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How to Help Children Grieve
By Rachael Moshman

helping children grieve
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I worked with lower income families of young children in my previous career. I did this through mentoring and training both the parents and the staff at the childcare center the child attended. I frequently helped teachers and parents work together to come up with plans for children who were struggling.

The teachers at one of the preschools I worked with had been complaining of a four-year-old boy’s behavior for weeks. He was defiant, aggressive, and disruptive. They reported that my usual set of tools and strategies were having no impact. The teachers and center director had spoken to Mom several times and she was as baffled by the situation as they were.

The center staff and the child’s mother were all frustrated, overwhelmed, and defensive as we sat down for a meeting. I started out by asking the teachers when they first noticed the behavior changes. They said it had been about a month. I then asked Mom if there had been any changes at home in the last month or so.

In a very short time frame:

  • His cousin who had been raised like his brother moved out of state.

  • His father was released from prison and was trying to build a relationship with him for the first time.

  • His step-grandfather, with whom he had been spending weekends, was sent to Iraq.

  • He and his mother moved out of his grandparents’ home into their own apartment for the first time in his life.

Wow! No wonder this little guy’s behavior was out of control. To him, his whole world had spun out of control. Everything he knew had changed.

These were normal life events to Mom. She didn’t think about the impact on her child. She thought he was too young to notice. She was mistaken. He felt the changes deeply and didn’t know how to make sense of it. He showed his pain through throwing blocks, hitting other children, screaming, and running out the door.

This child was grieving. Death doesn’t have to occur in order to feel grief or to mourn a loss. Children need their parents and other trusted caregivers to help them understand and process their grief. Here are some important things to consider:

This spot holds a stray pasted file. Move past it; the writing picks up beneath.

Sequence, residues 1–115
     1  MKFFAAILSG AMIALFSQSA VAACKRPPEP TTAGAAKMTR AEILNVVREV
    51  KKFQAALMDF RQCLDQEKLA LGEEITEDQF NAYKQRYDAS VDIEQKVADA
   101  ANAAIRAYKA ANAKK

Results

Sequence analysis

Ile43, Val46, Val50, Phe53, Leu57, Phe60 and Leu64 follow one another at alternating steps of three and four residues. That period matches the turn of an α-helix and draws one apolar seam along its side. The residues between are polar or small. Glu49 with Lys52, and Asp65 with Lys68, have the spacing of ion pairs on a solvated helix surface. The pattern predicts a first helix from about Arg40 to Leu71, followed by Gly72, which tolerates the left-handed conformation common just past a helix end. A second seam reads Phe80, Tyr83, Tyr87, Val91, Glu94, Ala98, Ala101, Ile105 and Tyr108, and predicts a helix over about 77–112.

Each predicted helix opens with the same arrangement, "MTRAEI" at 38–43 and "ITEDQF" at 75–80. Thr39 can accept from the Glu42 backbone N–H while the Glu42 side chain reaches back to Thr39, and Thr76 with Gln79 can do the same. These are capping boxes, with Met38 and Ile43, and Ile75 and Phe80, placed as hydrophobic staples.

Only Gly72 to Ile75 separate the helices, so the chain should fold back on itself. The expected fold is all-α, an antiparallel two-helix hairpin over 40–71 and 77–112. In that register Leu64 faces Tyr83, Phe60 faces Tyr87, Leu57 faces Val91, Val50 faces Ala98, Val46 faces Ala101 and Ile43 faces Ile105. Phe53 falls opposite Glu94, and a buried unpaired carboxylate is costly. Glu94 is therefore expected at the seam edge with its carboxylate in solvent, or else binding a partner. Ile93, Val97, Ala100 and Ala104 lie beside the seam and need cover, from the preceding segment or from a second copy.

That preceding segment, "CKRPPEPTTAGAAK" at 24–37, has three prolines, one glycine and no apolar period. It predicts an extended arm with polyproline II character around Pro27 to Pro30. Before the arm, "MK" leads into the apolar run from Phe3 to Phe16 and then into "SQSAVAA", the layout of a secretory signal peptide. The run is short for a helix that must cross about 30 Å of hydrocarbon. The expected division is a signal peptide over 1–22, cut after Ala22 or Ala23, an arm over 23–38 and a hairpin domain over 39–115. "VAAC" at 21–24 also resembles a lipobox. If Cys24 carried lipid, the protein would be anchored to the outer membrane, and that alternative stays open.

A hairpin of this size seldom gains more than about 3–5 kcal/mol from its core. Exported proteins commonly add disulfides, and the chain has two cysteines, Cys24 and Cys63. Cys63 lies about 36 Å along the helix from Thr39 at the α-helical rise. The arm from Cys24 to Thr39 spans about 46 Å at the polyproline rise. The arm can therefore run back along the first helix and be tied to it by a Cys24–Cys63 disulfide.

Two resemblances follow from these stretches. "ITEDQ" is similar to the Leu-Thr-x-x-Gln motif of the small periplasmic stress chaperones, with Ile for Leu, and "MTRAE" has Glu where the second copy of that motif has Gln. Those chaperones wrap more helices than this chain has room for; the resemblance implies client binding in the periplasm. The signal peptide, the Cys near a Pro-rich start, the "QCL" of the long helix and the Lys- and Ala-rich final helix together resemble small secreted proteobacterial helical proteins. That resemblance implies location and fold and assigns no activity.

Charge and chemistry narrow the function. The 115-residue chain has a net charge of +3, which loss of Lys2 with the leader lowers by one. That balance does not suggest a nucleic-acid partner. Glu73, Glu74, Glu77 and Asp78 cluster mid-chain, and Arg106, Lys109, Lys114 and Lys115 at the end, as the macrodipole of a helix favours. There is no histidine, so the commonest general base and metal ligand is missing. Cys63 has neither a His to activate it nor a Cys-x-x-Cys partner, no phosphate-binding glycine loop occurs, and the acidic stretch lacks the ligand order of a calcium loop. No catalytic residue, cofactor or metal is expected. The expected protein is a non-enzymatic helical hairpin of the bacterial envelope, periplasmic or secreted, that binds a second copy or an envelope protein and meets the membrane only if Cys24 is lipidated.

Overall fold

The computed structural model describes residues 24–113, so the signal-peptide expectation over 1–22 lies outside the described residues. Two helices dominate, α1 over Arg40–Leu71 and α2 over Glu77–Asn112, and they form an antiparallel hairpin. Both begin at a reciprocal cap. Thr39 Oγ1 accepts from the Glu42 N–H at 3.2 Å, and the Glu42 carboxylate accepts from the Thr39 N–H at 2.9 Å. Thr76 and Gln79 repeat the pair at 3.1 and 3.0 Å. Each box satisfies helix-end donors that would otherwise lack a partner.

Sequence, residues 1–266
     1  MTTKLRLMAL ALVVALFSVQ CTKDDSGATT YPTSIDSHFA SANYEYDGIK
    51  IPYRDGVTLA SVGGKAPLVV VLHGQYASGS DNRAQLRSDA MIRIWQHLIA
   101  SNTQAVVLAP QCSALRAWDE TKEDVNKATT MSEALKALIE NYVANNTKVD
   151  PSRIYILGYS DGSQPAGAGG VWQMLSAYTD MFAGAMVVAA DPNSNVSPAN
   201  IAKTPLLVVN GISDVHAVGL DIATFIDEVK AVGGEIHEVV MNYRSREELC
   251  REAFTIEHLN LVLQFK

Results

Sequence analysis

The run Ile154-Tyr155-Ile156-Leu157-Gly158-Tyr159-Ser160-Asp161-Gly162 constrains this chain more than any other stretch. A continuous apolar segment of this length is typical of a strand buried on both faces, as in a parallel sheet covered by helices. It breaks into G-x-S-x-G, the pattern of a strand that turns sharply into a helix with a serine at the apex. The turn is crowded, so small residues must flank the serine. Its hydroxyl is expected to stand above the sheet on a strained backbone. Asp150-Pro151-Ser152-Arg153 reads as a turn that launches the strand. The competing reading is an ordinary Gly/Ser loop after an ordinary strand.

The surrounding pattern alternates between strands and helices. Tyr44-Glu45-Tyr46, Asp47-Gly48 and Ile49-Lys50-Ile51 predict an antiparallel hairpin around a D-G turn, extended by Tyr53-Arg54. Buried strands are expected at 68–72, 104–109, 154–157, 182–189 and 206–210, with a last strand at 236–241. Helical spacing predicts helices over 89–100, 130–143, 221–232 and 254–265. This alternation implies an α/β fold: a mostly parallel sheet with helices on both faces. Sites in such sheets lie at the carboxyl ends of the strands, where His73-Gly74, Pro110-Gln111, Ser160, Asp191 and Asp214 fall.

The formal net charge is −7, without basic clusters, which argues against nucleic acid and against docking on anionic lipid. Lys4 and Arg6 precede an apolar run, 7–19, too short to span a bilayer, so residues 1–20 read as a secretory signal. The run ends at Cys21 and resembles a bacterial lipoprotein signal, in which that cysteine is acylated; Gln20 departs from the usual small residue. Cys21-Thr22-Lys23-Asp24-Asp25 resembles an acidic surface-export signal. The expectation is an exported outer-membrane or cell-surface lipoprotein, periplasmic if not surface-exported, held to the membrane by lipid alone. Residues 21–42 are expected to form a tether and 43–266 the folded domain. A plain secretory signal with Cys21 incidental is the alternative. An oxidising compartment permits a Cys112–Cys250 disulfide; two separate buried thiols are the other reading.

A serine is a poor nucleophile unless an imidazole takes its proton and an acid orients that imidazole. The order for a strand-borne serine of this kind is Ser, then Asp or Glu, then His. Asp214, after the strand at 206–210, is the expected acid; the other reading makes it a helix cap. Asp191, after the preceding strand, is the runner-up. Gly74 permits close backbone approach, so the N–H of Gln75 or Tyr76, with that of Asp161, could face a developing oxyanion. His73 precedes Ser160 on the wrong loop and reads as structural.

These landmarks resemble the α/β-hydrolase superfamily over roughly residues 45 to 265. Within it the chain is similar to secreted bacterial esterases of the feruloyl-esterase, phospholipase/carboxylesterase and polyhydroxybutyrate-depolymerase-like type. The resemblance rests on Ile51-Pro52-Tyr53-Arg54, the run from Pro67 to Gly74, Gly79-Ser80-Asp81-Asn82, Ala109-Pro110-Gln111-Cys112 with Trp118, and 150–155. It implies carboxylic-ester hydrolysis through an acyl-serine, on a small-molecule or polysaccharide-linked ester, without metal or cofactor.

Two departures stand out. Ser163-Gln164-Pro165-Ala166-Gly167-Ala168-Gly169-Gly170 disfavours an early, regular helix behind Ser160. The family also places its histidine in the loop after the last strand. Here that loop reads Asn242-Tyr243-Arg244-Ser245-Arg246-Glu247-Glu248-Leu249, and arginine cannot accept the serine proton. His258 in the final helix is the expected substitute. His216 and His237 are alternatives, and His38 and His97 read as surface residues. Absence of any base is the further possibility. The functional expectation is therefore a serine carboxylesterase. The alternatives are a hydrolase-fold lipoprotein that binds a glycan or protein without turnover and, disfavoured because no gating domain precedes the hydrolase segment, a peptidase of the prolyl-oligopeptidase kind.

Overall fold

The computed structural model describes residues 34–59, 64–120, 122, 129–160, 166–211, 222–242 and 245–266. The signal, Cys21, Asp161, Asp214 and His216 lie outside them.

Your child deserves your honesty. Don’t say, “Daddy went on a little vacation,” if you’re divorcing and he’s moved to another state. You aren’t helping your child by fabricating stories of the wonderful farm Fido is now enjoying when the family dog dies. Tell her the truth in a gentle way that is appropriate for her age and developmental level. If she doesn’t understand at first, keep talking about it until she does. Take a break if the conversation becomes overwhelming and come back to it another time.

Use books, DVDs, and props to get the conversation going. Your local library or bookstore likely has a wide variety of material available on death, divorce, moving, and other situations that lead to feelings of grief. Read the books with your child or watch a movie together in which the character endures a similar situation. Use the book or movie as a starting point to discuss your child’s feelings. Try role-playing with puppets, dolls, or stuffed animals to help illustrate the points when speaking to younger children.

Don’t make promises you can’t keep. My daughter has had many losses in her young life. She frequently begs me to tell her that I will never die. It’s so tempting to give in and make that promise because I know she desperately wants to hear it. Instead, I assure her that I’m doing everything in my power to stay healthy and safe so that I can live a long life.